As told in Adventure Comics # 308 (May, 1963), the youth named Garth Ranzz was forced to land on the wild and desolate planet of Korbal when the energy-cells of his space-flyer became exhausted. One of the life-forms native to Korbal was the lightning-beast, capable of self-generating electrical charges. Garth lured a herd of the beasts to his ship, hoping that their electrical energies would recharge the dead cells. Instead, the creatures aimed their bolts at Garth, bathing him in a field of electricity. Instead of killing him, the force turned Garth into a human dynamo, capable of discharging tremendous bolts of lightning.
Lightning Lad, along with Cosmic Boy and Saturn Girl, served as “the Big Three” of the Legion. Other members were added to the group shortly after its inception, but in the early years, they tended to remain in the background. So prominently were Cosmic Boy and Saturn Girl and Lightning Lad featured that, to reader identification, they were the Legion of Super-Heroes.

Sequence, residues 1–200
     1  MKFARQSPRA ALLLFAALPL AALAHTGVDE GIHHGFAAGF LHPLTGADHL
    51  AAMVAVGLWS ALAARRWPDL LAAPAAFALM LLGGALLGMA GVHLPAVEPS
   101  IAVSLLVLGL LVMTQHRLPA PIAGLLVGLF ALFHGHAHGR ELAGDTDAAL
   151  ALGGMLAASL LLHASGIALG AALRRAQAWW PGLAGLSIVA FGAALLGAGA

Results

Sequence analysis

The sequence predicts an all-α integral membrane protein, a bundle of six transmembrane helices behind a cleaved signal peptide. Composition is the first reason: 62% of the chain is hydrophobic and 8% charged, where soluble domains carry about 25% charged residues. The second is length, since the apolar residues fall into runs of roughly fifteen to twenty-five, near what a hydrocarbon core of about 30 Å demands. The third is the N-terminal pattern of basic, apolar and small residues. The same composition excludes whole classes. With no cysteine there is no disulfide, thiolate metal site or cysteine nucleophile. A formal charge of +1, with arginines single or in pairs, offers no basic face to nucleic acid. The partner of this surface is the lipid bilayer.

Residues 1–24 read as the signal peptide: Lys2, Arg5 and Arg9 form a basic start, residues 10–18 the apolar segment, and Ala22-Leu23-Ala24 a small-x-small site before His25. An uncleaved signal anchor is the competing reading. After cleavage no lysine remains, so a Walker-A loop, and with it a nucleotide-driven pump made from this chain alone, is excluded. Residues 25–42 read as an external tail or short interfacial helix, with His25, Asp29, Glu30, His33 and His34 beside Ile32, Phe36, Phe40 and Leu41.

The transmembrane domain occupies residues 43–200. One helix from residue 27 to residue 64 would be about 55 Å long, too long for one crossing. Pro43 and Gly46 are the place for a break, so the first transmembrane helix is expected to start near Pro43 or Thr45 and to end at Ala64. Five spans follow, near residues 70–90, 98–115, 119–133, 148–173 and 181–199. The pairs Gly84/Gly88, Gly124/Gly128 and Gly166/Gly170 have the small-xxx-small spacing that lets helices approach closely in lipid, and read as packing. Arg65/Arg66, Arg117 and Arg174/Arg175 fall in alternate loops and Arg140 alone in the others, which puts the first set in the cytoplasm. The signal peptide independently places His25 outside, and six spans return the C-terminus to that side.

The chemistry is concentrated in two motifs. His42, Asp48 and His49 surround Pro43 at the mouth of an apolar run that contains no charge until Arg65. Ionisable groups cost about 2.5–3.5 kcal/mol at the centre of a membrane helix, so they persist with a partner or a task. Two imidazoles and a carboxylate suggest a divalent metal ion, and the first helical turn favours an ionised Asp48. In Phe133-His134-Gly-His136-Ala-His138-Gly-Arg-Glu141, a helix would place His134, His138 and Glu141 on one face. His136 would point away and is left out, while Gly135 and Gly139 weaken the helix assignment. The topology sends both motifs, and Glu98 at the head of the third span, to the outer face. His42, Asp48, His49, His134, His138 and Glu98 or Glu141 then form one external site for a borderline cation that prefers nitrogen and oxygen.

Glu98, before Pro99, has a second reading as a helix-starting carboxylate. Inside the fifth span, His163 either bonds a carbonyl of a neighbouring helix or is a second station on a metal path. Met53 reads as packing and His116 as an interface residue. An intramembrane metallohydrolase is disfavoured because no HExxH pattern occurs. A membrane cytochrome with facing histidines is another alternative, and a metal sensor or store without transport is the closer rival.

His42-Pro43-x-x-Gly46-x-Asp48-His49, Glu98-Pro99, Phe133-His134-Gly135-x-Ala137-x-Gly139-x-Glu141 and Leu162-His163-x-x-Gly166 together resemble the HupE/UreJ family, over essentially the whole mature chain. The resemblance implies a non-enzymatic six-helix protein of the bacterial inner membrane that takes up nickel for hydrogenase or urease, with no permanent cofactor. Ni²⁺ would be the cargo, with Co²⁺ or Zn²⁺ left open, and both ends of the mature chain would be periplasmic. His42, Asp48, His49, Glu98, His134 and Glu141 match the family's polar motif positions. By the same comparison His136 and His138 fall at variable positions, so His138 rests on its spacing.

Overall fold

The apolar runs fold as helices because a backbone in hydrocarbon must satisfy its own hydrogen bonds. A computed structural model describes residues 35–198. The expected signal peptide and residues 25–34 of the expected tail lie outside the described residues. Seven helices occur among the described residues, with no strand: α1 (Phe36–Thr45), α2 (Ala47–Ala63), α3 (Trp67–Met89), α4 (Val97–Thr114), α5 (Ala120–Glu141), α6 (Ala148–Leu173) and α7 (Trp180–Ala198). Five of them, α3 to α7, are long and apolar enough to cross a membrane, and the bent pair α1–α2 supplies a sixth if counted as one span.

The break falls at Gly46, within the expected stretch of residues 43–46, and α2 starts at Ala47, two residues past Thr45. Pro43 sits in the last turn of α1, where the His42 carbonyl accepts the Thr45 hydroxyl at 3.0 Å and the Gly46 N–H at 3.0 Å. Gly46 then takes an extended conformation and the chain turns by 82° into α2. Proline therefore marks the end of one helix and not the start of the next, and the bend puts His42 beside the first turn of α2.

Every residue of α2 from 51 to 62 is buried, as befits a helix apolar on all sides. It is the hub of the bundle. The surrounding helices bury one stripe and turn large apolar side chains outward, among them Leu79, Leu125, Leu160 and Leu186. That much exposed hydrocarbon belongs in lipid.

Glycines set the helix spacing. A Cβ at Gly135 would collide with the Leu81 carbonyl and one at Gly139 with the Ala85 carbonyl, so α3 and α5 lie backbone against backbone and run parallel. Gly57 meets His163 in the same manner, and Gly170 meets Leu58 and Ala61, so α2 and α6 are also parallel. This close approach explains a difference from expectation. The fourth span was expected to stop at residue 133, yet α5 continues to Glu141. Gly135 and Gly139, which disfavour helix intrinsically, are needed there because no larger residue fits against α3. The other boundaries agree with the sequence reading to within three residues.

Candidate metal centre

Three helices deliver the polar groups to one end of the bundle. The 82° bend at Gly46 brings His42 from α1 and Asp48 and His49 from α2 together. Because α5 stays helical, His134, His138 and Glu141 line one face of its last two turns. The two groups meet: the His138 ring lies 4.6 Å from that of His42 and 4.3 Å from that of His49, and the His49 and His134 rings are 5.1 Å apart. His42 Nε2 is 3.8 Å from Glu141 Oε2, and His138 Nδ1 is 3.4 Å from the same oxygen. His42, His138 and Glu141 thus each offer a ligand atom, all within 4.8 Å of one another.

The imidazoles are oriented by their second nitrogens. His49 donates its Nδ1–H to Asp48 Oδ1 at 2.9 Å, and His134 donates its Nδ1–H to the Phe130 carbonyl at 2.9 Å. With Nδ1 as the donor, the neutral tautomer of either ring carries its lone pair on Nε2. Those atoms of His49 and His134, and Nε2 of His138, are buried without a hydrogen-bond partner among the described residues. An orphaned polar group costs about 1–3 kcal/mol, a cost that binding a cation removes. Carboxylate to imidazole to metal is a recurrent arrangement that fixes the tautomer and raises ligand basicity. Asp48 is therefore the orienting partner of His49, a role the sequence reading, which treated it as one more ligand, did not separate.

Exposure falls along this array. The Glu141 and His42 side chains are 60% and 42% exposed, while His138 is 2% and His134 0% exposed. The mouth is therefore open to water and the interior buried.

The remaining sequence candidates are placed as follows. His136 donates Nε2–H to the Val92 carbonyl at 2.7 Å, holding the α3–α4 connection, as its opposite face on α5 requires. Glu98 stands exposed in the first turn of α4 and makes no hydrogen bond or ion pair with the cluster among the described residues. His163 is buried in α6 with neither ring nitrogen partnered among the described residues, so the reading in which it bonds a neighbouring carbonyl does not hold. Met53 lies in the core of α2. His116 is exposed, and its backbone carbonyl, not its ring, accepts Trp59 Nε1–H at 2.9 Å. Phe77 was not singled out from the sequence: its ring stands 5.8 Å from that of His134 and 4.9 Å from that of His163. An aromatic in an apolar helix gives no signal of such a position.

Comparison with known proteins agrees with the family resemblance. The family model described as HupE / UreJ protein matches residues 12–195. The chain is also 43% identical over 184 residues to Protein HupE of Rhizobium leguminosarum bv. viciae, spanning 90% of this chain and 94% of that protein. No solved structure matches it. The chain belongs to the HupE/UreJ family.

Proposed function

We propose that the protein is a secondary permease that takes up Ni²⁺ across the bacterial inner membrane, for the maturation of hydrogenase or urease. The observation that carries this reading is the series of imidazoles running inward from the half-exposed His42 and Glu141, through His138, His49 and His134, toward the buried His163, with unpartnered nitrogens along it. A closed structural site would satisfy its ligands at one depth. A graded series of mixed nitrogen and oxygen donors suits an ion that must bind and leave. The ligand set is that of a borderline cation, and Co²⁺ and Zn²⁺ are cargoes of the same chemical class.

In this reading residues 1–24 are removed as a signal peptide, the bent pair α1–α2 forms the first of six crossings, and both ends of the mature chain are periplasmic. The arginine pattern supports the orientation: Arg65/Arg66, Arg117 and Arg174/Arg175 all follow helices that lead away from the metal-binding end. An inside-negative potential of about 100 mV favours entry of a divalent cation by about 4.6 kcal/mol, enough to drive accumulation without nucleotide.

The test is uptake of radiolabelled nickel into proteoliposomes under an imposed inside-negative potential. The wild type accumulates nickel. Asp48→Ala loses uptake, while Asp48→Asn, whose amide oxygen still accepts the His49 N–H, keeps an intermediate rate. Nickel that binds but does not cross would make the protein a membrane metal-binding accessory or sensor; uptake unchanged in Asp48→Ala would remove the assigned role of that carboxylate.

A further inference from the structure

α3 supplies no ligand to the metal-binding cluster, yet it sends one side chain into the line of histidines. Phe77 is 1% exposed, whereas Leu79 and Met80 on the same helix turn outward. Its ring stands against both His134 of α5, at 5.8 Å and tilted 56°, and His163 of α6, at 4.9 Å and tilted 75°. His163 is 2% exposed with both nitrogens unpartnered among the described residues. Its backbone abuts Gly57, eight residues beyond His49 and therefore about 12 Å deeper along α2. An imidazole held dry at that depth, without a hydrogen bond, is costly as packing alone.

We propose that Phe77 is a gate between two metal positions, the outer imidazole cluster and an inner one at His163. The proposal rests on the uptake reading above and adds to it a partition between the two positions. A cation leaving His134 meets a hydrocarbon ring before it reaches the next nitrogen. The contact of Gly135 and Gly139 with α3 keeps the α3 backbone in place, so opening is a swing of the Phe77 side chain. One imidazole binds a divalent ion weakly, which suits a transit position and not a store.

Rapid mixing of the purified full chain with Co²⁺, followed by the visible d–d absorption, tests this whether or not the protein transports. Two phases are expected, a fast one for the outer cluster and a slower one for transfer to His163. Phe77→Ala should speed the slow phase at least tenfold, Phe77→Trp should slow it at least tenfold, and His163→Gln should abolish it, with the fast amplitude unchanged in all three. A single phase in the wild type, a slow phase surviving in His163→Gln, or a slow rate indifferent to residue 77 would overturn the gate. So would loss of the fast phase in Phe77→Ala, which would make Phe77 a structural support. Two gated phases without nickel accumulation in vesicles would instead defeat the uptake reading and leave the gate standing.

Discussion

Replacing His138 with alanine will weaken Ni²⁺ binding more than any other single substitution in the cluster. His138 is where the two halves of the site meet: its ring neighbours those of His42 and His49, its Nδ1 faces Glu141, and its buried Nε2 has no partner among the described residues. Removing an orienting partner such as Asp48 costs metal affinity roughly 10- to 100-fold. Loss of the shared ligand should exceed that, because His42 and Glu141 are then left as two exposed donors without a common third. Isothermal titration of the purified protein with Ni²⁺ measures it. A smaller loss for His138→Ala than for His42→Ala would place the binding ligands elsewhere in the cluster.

The Legion received its own series, starting with Adventure Comics # 300 (Sep., 1962), and the participation of the other members increased. Yet, the Big Three were still treated as the team’s senior representatives.
Zaryan, a.k.a. “Zaryan the Conqueror”
Planet of birth: Brok
Very little is known about Zaryan the Conqueror. In “The Stolen Super-Powers”, from Adventure Comics # 304 (Jan., 1963), we learn that he was an interplanetary criminal who once offered the Legion a bribe not to oppose his predatory attacks of other worlds. Enraged when the heroes rejected his offer, Zaryan, with an army of warrior robots, flew an armed space-cruiser towards Earth, intending to attack and enslave its inhabitants.
Zaryan was presumed killed in space when Lightning Lad destroyed his ship before the self-styled conqueror could reach the Earth.
Imra Ardeen, a.k.a. “Saturn Girl”
Planet of birth: Titan, moon of Saturn